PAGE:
Across Europe, people are complaining that they are unfairly paying the price for the mistakes of their governments while they are growing increasingly resentful of the international banks and the preferential treatment they seem to receive. And they are getting louder.
“They took everything, and we have to pay,” said Katerina Fatourou, 30, an elementary school music teacher in Athens, summing up a common sentiment here after a large and sometimes violent general strike. It is not likely to be the last in Europe this summer.
In a vicious cycle, the rising political turmoil is sowing unrest in global financial markets, raising the interest rates paid by heavily indebted nations in Europe to ever higher levels and threatening their solvency.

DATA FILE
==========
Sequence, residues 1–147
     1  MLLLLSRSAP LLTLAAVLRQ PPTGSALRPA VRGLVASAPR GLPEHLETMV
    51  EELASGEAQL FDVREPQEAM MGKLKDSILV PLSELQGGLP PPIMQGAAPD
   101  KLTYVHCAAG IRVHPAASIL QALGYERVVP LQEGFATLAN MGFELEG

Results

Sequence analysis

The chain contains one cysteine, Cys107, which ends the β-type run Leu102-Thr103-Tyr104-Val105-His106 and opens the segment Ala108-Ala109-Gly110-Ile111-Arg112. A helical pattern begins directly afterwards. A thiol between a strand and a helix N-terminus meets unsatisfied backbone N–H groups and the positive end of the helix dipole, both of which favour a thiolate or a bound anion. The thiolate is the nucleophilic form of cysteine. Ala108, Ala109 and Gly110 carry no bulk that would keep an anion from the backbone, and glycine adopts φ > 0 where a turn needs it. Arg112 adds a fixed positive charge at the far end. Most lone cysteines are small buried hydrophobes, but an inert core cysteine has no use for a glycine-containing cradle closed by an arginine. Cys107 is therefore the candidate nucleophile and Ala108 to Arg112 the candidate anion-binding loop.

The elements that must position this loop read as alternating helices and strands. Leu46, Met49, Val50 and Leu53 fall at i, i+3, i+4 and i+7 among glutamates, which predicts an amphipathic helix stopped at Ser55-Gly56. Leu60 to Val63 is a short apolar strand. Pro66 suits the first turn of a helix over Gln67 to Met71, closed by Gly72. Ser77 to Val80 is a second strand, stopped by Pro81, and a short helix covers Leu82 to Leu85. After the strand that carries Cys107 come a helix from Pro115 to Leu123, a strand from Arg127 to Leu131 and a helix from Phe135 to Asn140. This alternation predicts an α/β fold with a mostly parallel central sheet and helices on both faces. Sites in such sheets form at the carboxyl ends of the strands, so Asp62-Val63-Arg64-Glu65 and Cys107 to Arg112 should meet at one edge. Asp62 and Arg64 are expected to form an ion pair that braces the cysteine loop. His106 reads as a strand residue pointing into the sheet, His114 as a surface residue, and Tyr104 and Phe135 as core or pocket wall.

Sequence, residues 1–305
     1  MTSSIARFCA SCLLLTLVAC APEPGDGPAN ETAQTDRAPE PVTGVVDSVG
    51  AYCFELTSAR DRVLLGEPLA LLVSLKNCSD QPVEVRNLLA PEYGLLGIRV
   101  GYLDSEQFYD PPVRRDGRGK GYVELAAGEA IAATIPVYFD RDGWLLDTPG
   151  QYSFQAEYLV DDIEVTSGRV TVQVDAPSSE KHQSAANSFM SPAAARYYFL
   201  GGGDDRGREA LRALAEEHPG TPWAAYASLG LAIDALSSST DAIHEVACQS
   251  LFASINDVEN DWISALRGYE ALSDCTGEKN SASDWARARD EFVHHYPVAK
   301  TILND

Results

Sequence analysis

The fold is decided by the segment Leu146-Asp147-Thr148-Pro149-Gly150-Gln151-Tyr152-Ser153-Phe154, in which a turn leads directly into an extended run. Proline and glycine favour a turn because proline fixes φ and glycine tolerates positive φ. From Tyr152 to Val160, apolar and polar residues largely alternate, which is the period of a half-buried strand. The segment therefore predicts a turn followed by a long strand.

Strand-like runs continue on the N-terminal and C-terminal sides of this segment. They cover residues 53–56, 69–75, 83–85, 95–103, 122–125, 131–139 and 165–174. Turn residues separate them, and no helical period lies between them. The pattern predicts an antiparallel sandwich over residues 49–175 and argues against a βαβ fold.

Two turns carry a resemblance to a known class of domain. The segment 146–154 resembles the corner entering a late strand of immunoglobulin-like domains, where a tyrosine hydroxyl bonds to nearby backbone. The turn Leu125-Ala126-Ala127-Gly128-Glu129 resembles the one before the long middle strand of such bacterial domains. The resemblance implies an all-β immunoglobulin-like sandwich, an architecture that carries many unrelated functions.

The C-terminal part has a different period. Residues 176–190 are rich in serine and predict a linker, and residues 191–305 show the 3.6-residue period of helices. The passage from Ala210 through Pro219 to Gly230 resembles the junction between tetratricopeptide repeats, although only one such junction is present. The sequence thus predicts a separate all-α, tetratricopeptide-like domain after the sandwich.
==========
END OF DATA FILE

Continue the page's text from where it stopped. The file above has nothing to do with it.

European officials are also worried that if Greece’s politicians bow to popular anger and reject the austerity route, other countries might follow, with potentially dire consequences for Europe’s banks and the common currency.